This is a long post. 1,631 words.
I’m not a writer. I have no style. This much is clear. I once read that if one is going to write, it should be in one’s own voice. I wanted to write the story of how my son’s dog came into his life. In the past, I’ve only written short accounts (in present tense) of how my daughter acquired her pets. This is quite a departure and I can not stay in one tense it seems. I’ve never taken a creative writing course but maybe I’ll do that someday. I stress maybe. I have probably put too much emphasis on certain aspects of this story. The girlfriend is a composite of exes so that no one individual can be identified. Anyhow, I welcome positive and negative feedback. The more the merrier. This is written in Texas country lingo so if it bothers you to read blabber then pass on by. Please, no false compliments.
PART 1 “She Was a Lady”
Early one morning in 2002, DP went out to his red “92” 4×4 Chevy truck to retrieve his cell phone. Dressed in his usual garb of faded starched jeans, a denim shirt and, his signature Roper boots he had not bothered to grab a jacket or wear a cap.
The cold and damp March morning air was laden with a foggy mist. “Yea, he thought, the weather feels just like my brain.” It was not yet spring. He was glad that maybe winter was nearing an end. He shivered a bit as he walked to the driver’s side of Ole Red. Standing there he began ruminating on a relationship that was ended. His mother was right about many things, but he was not one who would ever admit that, “Mama often know best.”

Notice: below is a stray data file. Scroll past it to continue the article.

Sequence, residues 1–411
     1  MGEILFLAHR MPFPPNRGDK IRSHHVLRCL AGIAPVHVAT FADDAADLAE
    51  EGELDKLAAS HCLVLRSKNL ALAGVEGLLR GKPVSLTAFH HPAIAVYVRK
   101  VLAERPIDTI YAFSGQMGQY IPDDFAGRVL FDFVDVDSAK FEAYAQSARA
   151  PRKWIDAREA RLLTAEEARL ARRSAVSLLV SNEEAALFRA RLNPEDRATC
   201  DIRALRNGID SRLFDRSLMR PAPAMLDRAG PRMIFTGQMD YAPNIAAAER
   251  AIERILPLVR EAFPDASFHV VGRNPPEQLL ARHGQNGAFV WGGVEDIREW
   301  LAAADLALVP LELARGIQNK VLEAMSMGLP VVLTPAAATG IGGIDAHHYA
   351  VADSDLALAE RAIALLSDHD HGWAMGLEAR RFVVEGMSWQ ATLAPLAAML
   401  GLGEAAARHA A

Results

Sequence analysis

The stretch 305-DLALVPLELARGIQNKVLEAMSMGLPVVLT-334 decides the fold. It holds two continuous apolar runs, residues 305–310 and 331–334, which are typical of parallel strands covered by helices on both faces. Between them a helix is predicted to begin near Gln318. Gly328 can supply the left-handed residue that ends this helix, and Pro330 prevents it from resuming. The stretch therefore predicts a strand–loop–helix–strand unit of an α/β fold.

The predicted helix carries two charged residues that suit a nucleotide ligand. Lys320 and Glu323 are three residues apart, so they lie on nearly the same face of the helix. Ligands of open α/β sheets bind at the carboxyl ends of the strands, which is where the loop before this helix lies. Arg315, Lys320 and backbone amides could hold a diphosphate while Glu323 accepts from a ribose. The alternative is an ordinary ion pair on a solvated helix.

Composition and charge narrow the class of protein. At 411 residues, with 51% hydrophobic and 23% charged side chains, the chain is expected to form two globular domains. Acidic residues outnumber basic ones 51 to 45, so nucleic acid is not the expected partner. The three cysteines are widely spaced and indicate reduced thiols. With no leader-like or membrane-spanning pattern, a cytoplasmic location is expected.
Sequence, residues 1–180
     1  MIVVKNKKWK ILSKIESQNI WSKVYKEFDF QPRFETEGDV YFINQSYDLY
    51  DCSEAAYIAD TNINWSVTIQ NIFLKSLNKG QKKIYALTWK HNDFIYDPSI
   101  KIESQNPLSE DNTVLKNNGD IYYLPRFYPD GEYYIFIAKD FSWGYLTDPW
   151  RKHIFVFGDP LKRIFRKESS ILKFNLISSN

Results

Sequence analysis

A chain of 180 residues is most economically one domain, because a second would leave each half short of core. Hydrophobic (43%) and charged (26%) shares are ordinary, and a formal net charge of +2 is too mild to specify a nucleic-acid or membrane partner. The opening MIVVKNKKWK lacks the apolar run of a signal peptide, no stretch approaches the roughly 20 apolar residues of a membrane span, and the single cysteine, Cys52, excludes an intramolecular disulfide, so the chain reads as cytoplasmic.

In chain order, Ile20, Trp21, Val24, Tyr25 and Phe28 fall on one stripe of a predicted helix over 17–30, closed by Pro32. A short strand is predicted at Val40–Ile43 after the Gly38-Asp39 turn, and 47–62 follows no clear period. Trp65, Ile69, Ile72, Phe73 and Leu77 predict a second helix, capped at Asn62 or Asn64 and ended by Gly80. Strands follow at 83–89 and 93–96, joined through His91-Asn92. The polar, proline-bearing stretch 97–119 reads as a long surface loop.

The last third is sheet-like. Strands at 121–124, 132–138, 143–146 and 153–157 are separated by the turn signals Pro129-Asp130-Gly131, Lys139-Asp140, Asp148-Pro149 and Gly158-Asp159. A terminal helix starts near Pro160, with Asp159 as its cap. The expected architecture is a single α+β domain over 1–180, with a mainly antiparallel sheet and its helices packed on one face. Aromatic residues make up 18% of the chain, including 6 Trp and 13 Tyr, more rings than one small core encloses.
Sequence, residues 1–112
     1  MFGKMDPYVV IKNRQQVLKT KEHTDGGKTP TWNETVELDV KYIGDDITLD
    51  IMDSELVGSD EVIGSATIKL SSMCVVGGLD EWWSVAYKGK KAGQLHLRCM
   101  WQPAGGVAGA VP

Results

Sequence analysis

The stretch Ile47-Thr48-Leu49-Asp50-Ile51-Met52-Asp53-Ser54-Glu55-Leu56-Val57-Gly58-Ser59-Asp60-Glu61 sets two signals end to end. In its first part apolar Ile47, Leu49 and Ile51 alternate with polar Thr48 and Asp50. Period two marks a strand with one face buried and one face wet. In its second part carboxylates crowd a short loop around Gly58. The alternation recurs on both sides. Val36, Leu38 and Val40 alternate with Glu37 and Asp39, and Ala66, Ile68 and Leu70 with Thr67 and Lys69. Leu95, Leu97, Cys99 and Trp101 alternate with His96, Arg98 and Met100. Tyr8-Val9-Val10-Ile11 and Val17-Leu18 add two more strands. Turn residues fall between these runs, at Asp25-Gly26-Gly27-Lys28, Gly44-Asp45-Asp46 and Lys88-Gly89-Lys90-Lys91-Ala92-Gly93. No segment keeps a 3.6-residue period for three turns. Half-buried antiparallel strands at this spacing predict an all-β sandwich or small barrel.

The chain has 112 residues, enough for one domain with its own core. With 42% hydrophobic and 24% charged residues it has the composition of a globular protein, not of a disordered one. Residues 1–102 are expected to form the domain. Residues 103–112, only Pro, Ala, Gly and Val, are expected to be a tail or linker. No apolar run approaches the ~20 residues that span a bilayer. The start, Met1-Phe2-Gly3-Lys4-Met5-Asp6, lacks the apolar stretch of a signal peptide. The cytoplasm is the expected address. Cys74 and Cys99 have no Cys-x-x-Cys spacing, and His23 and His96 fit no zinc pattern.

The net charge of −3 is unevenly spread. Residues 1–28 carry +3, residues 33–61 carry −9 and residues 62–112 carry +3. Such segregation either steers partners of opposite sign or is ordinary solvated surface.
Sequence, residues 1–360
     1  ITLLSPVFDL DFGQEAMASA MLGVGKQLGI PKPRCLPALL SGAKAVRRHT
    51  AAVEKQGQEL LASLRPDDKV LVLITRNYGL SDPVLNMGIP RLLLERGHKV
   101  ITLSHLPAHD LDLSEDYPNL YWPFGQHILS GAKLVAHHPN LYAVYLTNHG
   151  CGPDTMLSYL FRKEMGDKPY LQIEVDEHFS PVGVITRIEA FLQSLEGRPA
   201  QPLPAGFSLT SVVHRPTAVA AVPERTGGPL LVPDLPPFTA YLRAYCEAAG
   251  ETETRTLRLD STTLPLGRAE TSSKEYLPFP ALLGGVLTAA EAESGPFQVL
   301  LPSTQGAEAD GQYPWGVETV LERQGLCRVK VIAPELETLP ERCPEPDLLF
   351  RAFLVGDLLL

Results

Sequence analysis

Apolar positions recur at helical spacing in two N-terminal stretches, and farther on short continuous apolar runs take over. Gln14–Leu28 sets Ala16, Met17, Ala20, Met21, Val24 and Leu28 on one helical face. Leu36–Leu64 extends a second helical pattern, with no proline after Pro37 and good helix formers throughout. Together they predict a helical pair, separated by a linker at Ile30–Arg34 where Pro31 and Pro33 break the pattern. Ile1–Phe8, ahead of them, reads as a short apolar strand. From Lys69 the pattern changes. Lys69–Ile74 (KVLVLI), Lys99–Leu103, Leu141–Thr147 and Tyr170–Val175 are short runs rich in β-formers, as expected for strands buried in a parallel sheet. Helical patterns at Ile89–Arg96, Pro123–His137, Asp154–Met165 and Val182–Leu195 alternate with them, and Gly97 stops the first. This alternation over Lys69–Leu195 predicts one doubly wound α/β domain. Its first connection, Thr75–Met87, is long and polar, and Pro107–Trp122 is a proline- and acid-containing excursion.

Making matters worse was the prospect of no jobs- no money. This time of year was worrisome. Income tax time was about a month away and people held back on extra spending for their home or property. No calls had come in for any bids for any iron jobs for the past two days. March and April were slow months which meant that he had to be extra frugal.
He and his ex- girlfriend often argued about money. She liked to go out and be a part of the local nightlife. She loved to dance to country music and much to his chagrin, she could “drink him under the table.” They argued about that too. Too much beer and she flirted with the guys in the bars. Too much beer and twice it had become an embarrassment. Those times she was more than three sheets in the wind. Too drunk to drive to her house, he and a buddy drove her home, placed her on the den sofa, locked the door behind them and left her to sober up. He wondered how in the world he had let her into his life. She worked for an insurance company but spent all her money on clothes and her fancy car. He thought that just maybe she was an alcoholic or maybe not. DP was a man that was always giving someone the benefit of the doubt. But he knew his mother thought differently. “You’re too good-hearted for your own good and in all the wrong places” How many times had he heard those words and how many times had he been warned? “Why, did I not listen to my mother? ” His now ex-girlfriend left him for greener pastures. Those were her words. “Greener pastures!” Somehow the words didn’t seem to hurt.
He felt devoid of any feelings that morning. “Oh, I’m just ticked. But I feel empty inside and I feel as if I’m in a bottomless pit. Anyhow, I’m glad and relieved our relationship ended.”
Before opening the truck door, he made a cursory survey of his tree lined three acres and noticed that he had forgotten to close the sliding iron gate. He unlocked the door to his truck, reached for his cell phone, took a few steps back to slam the truck door and, then felt something brush against his jeans. Quickly he looked down. Sitting near one boot, was a waif dressed in a long black fur coat, with grayish brown trimming around the collar and down the front of its chest. Stunned for a few moments, he muttered, “What in the world? A dog?”